My twin sister contacted our primary Breast Clinic doctor at Mayo Clinic in Rochester and got a referral to see the same gynecological oncologist that saw me for a baseline ovarian cancer screening at Mayo Clinic Rochester in January 2020. Her appointment was last Thursday, and it went exceptionally well–Mayo will be taking over her case and care plan from here.

My sister went through all of the stages of ovarian cancer screening at Mayo, including analysis of her CA-125 blood test and thorough physical exams. During her appointment, my sister’s doctor showed my twin sister and her husband her ultrasound pictures, drew on them, and showed how big the cyst is–it turns out it is bigger than her left ovary (!). The doctor said it is a “simple” cyst as opposed to “complex,” as it appears 95% of cyst is fluid filled. There is “one potentially small area of complexity” because a line goes through the middle of the cyst that might potentially be complex. So, even though the cyst is “simple,” her Mayo doctor is treating it as if it were “complex.”
They do not think the cyst is from the ovarian hyperstimulation syndrome she experienced in fall 2019, but it could have happened as a result of the ovulation she experienced in September when her ovaries woke back up after being in menopause during her TCHP chemotherapy regimen. Or, there is a small possibility it could be ovarian cancer.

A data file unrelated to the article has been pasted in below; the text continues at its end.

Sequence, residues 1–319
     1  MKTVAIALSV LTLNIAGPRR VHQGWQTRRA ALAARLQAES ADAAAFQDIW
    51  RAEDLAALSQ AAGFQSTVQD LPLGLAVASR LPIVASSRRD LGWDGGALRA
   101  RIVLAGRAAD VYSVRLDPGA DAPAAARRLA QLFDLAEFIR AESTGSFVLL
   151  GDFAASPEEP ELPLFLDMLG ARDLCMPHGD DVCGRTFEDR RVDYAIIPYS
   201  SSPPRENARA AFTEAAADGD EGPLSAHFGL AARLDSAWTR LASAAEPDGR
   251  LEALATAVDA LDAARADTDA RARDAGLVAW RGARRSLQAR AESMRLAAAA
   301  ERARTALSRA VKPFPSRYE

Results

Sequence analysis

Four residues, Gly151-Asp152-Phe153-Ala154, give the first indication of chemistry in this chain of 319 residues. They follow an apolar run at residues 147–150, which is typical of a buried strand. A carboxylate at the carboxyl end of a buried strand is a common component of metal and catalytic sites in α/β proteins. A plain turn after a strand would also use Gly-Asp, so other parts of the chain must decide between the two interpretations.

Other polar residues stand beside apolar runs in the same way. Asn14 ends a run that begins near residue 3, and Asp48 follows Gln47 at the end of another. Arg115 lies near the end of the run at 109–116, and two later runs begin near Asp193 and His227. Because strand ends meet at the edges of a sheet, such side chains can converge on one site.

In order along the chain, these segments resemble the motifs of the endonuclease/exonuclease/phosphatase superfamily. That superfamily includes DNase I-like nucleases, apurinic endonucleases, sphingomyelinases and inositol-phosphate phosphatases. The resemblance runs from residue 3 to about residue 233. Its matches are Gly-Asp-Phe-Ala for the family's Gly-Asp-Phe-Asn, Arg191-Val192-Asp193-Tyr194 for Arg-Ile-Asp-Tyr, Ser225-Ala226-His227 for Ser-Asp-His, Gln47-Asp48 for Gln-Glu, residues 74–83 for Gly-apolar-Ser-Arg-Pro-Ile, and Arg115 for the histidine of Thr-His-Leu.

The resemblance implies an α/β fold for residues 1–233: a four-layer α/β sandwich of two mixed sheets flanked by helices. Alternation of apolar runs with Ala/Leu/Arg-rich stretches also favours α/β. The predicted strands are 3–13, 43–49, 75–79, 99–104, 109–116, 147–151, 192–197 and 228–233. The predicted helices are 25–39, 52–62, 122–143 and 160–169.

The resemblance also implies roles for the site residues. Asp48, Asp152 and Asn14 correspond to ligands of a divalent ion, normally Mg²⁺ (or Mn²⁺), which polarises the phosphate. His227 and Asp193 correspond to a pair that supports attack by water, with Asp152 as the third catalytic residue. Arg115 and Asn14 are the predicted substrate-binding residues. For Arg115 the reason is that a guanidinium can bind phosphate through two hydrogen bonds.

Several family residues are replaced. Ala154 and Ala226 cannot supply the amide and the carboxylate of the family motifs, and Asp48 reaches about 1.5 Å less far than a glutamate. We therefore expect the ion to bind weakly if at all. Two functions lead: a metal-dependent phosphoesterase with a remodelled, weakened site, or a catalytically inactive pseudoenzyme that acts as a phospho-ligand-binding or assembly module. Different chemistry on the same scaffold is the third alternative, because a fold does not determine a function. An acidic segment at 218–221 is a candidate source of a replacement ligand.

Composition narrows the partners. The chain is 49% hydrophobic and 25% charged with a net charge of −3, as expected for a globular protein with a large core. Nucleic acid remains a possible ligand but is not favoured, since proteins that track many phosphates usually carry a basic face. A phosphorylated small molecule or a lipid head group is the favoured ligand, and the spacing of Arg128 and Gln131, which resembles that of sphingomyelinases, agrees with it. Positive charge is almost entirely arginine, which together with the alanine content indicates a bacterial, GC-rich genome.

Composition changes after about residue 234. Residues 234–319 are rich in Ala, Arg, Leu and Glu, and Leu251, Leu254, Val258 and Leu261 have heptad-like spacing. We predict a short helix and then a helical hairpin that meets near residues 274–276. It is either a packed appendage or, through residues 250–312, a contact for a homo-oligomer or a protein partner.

Bottom line from her appointment is: The cyst is “simple” rather than “complex,” which means it’s slightly concerning, but not as concerning as it could be. At this point in time, the cyst could simply be a follicle, especially with my sister’s period recently returning in September after being in menopause since the beginning of TCHP, or it could be ovarian cancer. The doctor does not know if it’s ovarian cancer or not at this point in time, and would only be able to tell with a pathology test at time of surgery if surgery becomes a need in the next month. For now, she wants to “watch it.”
From a breast cancer perspective, my twin sister’s breast cancer oncologist said that removing one or both ovaries or leaving them in won’t make any difference in chance of breast cancer recurrence / survival:
“As a person, she would benefit from keeping her ovaries as long as possible,” her breast cancer oncologist said. “From a breast cancer standpoint, I would not recommend removing her ovaries at this point in her life.”
The doctors told my twin sister there are a few reasons that would be good for my sister to keep her ovaries, most importantly being that ovaries support bone and cardiovascular heath. Also, removal of ovaries would likely change the endocrine therapy required like Tamoxifen.